We were the first luxury resort. [Cayman] was not as known except for what we heard on TV or from the movie ‘The Firm’. Fifteen years later, I think it is a very different conversation we are having now.

Because the island has established a reputation for sense of well-being, a quality product, quality food, a sense of Caymankind that we always promote. There is no more confusion that we are just a beach.

There is a clear image and style that is attached to the name Cayman Islands.

I think we are in a very different situation. The question is, as we move into the future, how to preserve that. I think that is, for me, the biggest question in that whole referendum issue.

I know there are many people with many different motivations talking about that whole issue. For me, the question is, what is really the overall intent and vision for the island, and can we preserve what has been already established?

On quality versus quantity:

I am hearing different things from different people at different times. Sometimes I’ve heard in the conversation that they were looking at improving the quality of the people coming.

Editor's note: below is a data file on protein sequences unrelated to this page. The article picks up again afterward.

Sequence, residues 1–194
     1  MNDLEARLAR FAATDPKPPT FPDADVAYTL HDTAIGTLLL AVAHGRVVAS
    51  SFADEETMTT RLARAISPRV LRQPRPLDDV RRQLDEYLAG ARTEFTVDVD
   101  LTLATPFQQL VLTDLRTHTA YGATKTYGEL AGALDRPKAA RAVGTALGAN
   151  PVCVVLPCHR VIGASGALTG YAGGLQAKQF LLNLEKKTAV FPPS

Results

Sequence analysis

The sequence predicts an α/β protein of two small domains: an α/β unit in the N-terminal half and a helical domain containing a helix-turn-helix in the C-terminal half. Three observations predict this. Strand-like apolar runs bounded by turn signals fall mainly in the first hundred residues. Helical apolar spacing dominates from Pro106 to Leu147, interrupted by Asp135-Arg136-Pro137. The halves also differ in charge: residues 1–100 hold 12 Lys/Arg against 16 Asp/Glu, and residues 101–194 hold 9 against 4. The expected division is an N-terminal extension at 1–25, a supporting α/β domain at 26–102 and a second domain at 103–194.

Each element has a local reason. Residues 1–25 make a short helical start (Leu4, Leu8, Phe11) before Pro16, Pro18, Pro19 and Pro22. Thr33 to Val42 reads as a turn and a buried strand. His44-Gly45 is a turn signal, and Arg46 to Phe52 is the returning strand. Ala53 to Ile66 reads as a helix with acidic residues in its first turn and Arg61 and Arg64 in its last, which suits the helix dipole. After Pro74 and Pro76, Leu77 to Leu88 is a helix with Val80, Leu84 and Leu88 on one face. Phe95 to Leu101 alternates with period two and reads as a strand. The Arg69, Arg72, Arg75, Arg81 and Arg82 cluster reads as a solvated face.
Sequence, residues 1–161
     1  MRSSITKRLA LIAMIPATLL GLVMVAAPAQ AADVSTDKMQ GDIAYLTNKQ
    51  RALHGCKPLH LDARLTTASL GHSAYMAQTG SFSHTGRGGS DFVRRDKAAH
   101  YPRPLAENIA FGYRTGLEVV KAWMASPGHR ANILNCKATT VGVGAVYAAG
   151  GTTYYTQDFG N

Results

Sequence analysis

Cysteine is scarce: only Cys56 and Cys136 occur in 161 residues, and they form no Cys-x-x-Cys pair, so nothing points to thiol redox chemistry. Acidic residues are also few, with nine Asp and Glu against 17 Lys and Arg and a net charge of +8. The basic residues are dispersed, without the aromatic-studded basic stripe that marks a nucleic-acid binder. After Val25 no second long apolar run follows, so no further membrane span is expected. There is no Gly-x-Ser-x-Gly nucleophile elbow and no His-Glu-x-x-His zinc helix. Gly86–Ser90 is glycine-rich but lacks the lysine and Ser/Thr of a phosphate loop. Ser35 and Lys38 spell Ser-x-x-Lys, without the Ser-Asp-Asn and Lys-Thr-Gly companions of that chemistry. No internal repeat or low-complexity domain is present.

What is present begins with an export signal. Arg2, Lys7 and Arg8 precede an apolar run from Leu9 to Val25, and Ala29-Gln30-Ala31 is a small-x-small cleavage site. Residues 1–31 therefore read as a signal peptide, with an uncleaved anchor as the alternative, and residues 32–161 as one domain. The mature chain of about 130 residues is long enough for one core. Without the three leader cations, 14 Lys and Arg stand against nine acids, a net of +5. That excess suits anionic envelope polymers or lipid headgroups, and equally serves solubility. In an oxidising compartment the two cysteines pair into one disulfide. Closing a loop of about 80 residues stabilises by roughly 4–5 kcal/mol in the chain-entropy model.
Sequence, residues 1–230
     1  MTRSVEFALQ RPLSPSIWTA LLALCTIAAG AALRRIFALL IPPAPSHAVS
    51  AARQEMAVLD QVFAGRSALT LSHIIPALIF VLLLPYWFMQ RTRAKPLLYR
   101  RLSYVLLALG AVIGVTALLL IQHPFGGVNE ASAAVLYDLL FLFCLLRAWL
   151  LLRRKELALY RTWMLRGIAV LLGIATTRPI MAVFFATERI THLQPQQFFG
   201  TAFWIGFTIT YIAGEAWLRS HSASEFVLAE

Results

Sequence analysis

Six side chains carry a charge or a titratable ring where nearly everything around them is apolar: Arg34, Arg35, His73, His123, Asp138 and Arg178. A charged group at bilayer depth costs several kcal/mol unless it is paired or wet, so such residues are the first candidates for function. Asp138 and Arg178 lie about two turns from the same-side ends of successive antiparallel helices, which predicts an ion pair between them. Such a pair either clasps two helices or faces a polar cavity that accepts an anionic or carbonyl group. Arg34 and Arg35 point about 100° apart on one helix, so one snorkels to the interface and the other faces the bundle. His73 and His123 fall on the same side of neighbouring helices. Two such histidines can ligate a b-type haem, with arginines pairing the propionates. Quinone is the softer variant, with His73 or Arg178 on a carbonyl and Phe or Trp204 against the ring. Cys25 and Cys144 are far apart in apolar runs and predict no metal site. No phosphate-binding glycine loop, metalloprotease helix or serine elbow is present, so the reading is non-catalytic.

Then I’m hearing this other conversation that they wanted to increase [numbers]. The question is, are we looking for quantity or quality? Then, my logic as a kind of business person, I’m thinking, OK, what is the interest of the cruise ship?

No one gives you money for free. There is a return on your investment. The way I understand it is it’s going to be recovered by cost per passenger.

So if I am looking at a logical point of view, that I made an investment, I would want more passengers and to what extent? Is there a control? Is there a limit?

For me, that is the part that is worrying me the most. What is the control process to limit the growth to something that can be acceptable for the island?

On stayover versus cruise tourism:

The difference in behaviour in a customer on stayover and from a cruise ship is quite different. A stayover customer will use the beach maybe three or four times.

They are not going to the beach every day, to Stingray [City] every day or drive on the road every day. So there is a distribution of the activity, which makes it so there is less pressure on the environment itself.